In the realm of championship trophies, there's the World Cup, the Stanley Cup, and now the K-Cup.
Green Mountain Coffee Roasters' (Nasdaq: GMCR ) Keurig single-cup brewers -- and the K-Cup portion packs that fuel them -- continue to sell briskly. The company's latest quarter was another winner, with revenue soaring 65% higher, to $222.2 million. Earnings more than doubled, up to $14.4 million, or $0.34 on a per-share basis.
The bean baron's results surpassed analyst expectations, though not by much. After beating Wall Street's profit targets by 22% to 38% during the past four quarters, Green Mountain's showing merely topped the market's guesstimate of $0.33 a share.
The stock did open lower this morning -- as disappointing guidance for the current quarter's bottom line crashed the party -- but the growth story at Green Mountain appears to be completely intact.
Green Mountain moved 463 million K-Cup portion packs during the quarter, 70% more than it shipped a year ago. It put to rest the sequential dip during the third quarter (even though it's important to point out the historical seasonality here, since K-Cup sales have dipped sequentially during the fiscal third quarter in 2007 and 2008 as well). There were 713,000 brewers sold during the quarter, and this is where Starbucks (Nasdaq: SBUX ) should be nervous. More people opting for K-Cup java fixes at home or in the office break room mean shorter lines at your local Starbucks.
Sure, Starbucks recently entered the instant coffee market. Starbucks' VIA debut came just days after Green Mountain's quarter came to a close, but Green Mountain's upbeat guidance of 61% to 66% top-line growth during the current quarter indicates that VIA isn't taking a big bite out of the company's business.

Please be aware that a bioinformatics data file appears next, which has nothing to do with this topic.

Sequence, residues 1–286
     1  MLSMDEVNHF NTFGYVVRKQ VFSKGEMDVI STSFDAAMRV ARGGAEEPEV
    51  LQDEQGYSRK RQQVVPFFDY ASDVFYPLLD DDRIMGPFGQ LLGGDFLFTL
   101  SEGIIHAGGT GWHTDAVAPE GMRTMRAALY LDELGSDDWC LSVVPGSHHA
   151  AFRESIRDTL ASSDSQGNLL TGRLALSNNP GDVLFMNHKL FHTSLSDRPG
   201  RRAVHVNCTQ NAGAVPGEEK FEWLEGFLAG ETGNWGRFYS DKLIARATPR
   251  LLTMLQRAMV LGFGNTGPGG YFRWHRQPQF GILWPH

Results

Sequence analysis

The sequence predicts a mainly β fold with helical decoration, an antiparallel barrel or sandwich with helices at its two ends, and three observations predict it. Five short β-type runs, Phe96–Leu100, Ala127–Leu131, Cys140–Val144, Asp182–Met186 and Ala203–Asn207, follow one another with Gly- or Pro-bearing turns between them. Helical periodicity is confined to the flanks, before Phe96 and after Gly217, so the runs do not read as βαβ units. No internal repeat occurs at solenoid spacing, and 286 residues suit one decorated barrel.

Unfortunately for Green Mountain investors, the company sees fiscal first-quarter profit clocking in at $0.11 to $0.15 a share. It earned $0.10 a share a year earlier, before a sizable settlement from Kraft Foods (NYSE: KFT ) , but analysts were expecting earnings to roughly double.
The silver lining there is that Green Mountain is increasing its guidance for fiscal 2010. It now sees net sales of $1.2 billion to $1.24 billion (up 50% to 55%, versus original expectations of 45% to 50% growth) and $1.75 to $1.85 a share in earnings per share (compared to $1.70 to $1.80 previously, and despite a dilutive -- yet balance-sheet-fortifying -- secondary offering this summer).
K-Cups are the real deal. Jarden's (NYSE: JAH ) Mr. Coffee and Conair's Cuisinart will be rolling out new coffee makers next year that require K-Cup portion packs. That will be huge for Green Mountain, since it doesn't profit from its own single-cup brewers. It just makes them to begin cashing in on K-Cup sales and royalties.
Peet's (Nasdaq: PEET ) announced acquisition of Diedrich Coffee (Nasdaq: DDRX ) last week is all about entering the K-Cup market.
So what's the deal, Mr. Market? Are you so short-sighted that the current quarter's projected profit is more important than the three following quarters that will more than make up the difference?
There aren't other red flags in the report. Accounts receivable and inventory levels are up 67% and 61%, respectively. That may seem high, but it checks out with current sales trends.
As long as Green Mountain's range continues to grow, bears are the ones who will wake up with the caffeinated jolt.
Take the Motley Poll
What do you think of Keurig single-cup brewers?